Best Book! - Taylor bags top publication award for Social Sciences
The University of the West Indies, Mona campus, has selected senior lecturer and Gleaner columnist Dr Orville Taylor's Broken Promises, Hearts and Pockets: A Century of Betrayal of the Jamaican Working Class as the best publication in the category of Books for the Faculty of Social Sciences.
Taylor was awarded last Friday at the university's annual research day awards ceremony, held at the Mona Visitors' Lodge, St Andrew.
"I feel very good. I don't want to sound immodest, but I actually think that I deserve this award. I did what I felt that I needed to do, but I did also what I felt the university is supposed to do, and I did what a university lecturer in the Faculty of Social Sciences is supposed to do," Taylor told The Gleaner.
In his book, Taylor provided useful insights into the history of labour relations in Jamaica.
The book includes policy recommendations, and guidelines for the way forward to better leadership in government, worker protection, and other industrial-relations issues.
Taylor used the opportunity to call on the leaders of government in the region to remember the historical past of slavery and its effects on worker attitude and productivity.
"I've been saying things over the years. I've had a number of academic publications. At the end of the day, you want to write something so the average Jamaican, black, Caribbean person can walk into a bookshop or walk into a library and take it off the shelf and read it.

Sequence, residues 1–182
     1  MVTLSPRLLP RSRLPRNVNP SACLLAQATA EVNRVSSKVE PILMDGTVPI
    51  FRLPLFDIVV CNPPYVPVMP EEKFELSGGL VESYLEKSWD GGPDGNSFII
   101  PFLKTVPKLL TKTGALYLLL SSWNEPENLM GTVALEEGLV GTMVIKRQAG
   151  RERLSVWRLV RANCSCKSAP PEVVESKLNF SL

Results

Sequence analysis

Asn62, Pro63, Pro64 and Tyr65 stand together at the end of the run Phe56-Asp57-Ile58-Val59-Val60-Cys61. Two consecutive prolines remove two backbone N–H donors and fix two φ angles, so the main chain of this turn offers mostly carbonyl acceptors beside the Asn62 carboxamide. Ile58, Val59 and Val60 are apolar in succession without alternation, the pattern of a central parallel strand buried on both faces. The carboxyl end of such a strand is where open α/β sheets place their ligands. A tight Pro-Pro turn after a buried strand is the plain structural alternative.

"It also has 19 pages of policy recommendations, so it is not simply one of those theoretical academic, purely research, and critical work," said Taylor.
"It says to the Government, the people who we have elected, or those who sit in Opposition that this is what history has told us. Learn from history. Here are 19 pages of recommendations as to how we can go forward," said Taylor.
He also highlighted the need for Jamaica to give more credence to the legacy of National Hero Marcus Garvey and his contribution to the development of Jamaica's labour agenda.
Taylor noted that some of the material in the recommendations was taken from Marcus Garvey's 1929 manifesto.
"Very often, when you talk about Marcus Garvey, people speak of him as some kind of philosopher, which, of course, he was, but Marcus Garvey's work, I realise, was very pivotal to the development of our labour agenda, an oriented agenda, as opposed to a partisan agenda. That is amazing because I developed a new kind of respect for Marcus Garvey," said Taylor.
Several other lecturers in the various faculties were also awarded for their publications in the categories of book, articles, and research that attracted the most research grant.